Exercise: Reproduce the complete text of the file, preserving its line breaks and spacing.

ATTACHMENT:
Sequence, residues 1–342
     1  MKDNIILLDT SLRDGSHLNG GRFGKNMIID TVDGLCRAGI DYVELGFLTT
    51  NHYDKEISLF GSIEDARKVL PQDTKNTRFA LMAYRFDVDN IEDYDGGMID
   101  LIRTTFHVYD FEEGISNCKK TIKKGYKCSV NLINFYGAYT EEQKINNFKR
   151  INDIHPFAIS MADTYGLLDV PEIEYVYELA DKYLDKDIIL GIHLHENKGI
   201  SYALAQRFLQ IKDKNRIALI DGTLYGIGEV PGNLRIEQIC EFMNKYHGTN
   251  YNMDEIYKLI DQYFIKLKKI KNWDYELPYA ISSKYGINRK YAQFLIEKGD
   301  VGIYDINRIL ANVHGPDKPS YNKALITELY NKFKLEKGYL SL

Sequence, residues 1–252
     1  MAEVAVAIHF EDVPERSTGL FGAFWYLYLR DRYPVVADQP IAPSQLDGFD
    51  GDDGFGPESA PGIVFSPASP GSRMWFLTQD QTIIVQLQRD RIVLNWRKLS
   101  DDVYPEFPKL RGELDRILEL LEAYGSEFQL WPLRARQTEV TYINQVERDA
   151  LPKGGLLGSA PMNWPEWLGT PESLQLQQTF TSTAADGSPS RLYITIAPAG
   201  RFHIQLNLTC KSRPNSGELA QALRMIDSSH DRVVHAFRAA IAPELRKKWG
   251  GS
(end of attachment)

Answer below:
Sequence, residues 1–342
     1  MKDNIILLDT SLRDGSHLNG GRFGKNMIID TVDGLCRAGI DYVELGFLTT
    51  NHYDKEISLF GSIEDARKVL PQDTKNTRFA LMAYRFDVDN IEDYDGGMID
   101  LIRTTFHVYD FEEGISNCKK TIKKGYKCSV NLINFYGAYT EEQKINNFKR
   151  INDIHPFAIS MADTYGLLDV PEIEYVYELA DKYLDKDIIL GIHLHENKGI
   201  SYALAQRFLQ IKDKNRIALI DGTLYGIGEV PGNLRIEQIC EFMNKYHGTN
   251  YNMDEIYKLI DQYFIKLKKI KNWDYELPYA ISSKYGINRK YAQFLIEKGD
   301  VGIYDINRIL ANVHGPDKPS YNKALITELY NKFKLEKGYL SL

Sequence, residues 1–252
     1  MAEVAVAIHF EDVPERSTGL FGAFWYLYLR DRYPVVADQP IAPSQLDGFD
    51  GDDGFGPESA PGIVFSPASP GSRMWFLTQD QTIIVQLQRD RIVLNWRKLS
   101  DDVYPEFPKL RGELDRILEL LEAYGSEFQL WPLRARQTEV TYINQVERDA
   151  LPKGGLLGSA PMNWPEWLGT PESLQLQQTF TSTAADGSPS RLYITIAPAG
   201  RFHIQLNLTC KSRPNSGELA QALRMIDSSH DRVVHAFRAA IAPELRKKWG
   251  GS